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Journal of Environmental Health Articles

Following are previously published articles relating to terrorism and emergency preparedness from the Journal of Environmental Health. This professional journal is one of the many benefits of being a NEHA member.


Terrorism Response and the Environmental Health Role: The Million Dollar (and Some) Question
Rebecca Berg, Ph.D.
Published in September 2004, V. 67, Issue 2, pp. 29–39.


This article discusses some urgent reasons for environmental health to be involved in terrorism response and emergency preparedness and the question of what form that involvement should take. It also takes a frank look at some obstacles to involvement, as well as at some good reasons for the distinct ambivalence that exists within the profession. Finally, some possible solutions to the obstacles are proposed, including more nationally coordinated leadership.


Efficacy and Durability of Bacillus anthracis Bacteriophages Used Against Spores
Michael. H. Walter, Ph.D.
Published in July/Aug 2003, V.66, Issue 1, pp 9-15.


Antibiotics and vaccines help fight anthrax disease, but there are no anthrax spore control methods suitable for use in environments where humans are present. The work reported in this article indicates that bacteriophages may help reduce risk from anthrax spores. Dose-response studies demonstrated that higher concentrations of mixed Bacillus anthracis bacteriophages (3.5 x 108 plaque-forming units per milliliter) inhibited subsequent growth of bacteria when sprayed on B. anthracis spores. Phages also were tested for durability under conditions designed to simulate environments possibly encountered during mass phage production, storage, and use against anthrax spores. They remained infectious at temperatures from -20C to 37C, under filtration, aerosolization, and treatments with perspiration and blood. Phages were sensitive to temperatures over 55C and to desiccation. Ultraviolet light reduced spore viability more than phage infectivity under similar conditions. The potential for personal or environmental decontamination of anthrax spores with phages is discussed.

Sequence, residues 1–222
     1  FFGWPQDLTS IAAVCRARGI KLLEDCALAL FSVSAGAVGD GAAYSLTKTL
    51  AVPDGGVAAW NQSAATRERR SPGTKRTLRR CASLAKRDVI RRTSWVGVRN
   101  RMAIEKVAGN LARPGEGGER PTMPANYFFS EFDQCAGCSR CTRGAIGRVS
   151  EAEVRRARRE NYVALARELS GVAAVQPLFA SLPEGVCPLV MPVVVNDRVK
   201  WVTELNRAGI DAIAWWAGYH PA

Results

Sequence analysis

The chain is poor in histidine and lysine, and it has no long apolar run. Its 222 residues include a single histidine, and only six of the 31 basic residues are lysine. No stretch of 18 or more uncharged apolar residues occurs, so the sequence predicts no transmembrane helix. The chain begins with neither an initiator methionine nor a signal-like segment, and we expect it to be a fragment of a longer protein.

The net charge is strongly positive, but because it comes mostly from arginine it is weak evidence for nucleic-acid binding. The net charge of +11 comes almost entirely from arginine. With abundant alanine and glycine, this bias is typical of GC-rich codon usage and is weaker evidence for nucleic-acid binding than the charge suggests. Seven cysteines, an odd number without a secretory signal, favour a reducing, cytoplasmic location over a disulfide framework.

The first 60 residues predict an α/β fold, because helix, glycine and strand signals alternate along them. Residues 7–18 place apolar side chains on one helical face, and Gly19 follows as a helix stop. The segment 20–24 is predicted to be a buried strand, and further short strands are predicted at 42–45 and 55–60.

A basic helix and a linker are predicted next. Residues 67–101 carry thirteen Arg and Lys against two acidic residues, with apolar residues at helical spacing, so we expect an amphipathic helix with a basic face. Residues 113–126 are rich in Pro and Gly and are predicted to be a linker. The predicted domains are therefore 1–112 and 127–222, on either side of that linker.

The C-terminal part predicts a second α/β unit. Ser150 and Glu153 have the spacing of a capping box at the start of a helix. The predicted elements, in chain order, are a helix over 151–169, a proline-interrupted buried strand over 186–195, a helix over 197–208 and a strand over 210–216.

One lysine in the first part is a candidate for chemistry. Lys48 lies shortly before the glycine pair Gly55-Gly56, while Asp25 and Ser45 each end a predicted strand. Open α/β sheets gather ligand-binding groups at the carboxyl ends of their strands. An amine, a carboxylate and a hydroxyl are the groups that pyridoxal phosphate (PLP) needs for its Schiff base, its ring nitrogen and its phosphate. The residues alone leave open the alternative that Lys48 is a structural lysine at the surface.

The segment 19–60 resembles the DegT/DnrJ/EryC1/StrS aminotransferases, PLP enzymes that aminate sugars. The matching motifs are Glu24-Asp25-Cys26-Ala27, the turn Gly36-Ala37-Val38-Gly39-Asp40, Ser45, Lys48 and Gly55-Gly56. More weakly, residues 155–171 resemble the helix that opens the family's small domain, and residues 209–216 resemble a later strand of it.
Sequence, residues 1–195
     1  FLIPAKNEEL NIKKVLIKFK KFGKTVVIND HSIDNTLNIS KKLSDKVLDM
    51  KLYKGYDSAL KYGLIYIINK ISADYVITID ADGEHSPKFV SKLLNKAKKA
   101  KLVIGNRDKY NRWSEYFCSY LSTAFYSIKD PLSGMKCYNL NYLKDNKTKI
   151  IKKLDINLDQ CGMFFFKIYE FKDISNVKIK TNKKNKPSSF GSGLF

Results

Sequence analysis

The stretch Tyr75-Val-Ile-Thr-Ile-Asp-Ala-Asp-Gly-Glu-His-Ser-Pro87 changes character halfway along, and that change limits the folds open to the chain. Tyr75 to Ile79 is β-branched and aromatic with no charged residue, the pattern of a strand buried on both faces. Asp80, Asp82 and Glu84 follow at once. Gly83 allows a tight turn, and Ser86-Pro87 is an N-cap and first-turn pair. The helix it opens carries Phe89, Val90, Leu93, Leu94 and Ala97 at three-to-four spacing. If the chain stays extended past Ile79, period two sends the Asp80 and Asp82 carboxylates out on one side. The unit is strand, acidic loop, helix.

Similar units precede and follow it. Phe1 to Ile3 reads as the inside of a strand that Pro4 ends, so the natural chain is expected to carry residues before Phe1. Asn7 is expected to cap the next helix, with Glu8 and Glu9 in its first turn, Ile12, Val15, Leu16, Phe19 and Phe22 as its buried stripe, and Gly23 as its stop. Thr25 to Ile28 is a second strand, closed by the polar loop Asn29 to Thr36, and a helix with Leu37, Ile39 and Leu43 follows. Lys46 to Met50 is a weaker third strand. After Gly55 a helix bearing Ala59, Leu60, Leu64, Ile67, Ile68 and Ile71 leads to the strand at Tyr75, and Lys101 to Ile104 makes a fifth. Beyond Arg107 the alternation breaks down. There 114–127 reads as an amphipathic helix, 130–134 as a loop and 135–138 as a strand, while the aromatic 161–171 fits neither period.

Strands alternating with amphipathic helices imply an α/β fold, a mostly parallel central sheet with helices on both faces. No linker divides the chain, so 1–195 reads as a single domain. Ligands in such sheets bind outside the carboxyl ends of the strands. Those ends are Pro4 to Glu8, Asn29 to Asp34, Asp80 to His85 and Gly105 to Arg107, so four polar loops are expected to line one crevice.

Mark G. Kortepeter, M.D., M.P.H., Theodore J. Cieslak, M.D. and Edward M. Eitzen, M.D., M.P.H.
Published in Jan/Feb 2001, V.63, Issue 6, pp 21-25.


Although biological agents have been used in warfare for centuries, several events in the past decade have raised concerns that they could be used for terrorism. Revelations about the sophisticated biological-weapons programs of the former Soviet Union and Iraq have heightened concern that countries with offensive-research programs, including those that sponsor international terrorism, might assist in the proliferation of agents, culturing capability, and dissemination techniques, and might benefit in these undertakings from the availability of skilled laboratory technicians. Release of sarin nerve agent in the Tokyo subway system in 1995 by the Aum Shinrikyo cult demonstrated that in the future terrorists might select unconventional weapons. Certain properties of biological pathogens may make them the ideal terrorist weapon, including 1) ease of procurement, 2) simplicity of production in large quantities at minimal expense, 3) ease of dissemination with low technology, and 4) potential to overwhelm the medical system with large numbers of casualties. Dissemination of a biological agent would be silent, and the incubation period allows a perpetrator to escape to great distances from the area of release before the first ill persons seek medical care. Countermeasures include intelligence gathering, physical protection, and detection systems. Medical countermeasures include laboratory diagnostics, vaccines, and medications for prophylaxis and treatment. Public health, medical, and environmental health personnel need to have a heightened awareness, through education, about the threat from biological agents.

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